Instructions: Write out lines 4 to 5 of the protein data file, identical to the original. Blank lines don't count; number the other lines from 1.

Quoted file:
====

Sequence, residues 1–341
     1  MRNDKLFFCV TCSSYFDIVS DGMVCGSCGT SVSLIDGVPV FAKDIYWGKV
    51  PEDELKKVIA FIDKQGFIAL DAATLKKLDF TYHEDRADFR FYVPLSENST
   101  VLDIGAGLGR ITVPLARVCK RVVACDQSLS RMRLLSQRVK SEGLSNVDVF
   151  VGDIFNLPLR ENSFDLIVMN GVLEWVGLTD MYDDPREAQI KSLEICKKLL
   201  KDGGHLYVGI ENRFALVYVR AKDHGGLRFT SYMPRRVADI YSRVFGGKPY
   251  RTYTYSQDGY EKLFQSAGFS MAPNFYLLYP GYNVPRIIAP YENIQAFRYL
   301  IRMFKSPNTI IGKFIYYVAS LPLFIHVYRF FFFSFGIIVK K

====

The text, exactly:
   101  VLDIGAGLGR ITVPLARVCK RVVACDQSLS RMRLLSQRVK SEGLSNVDVF
   151  VGDIFNLPLR ENSFDLIVMN GVLEWVGLTD MYDDPREAQI KSLEICKKLL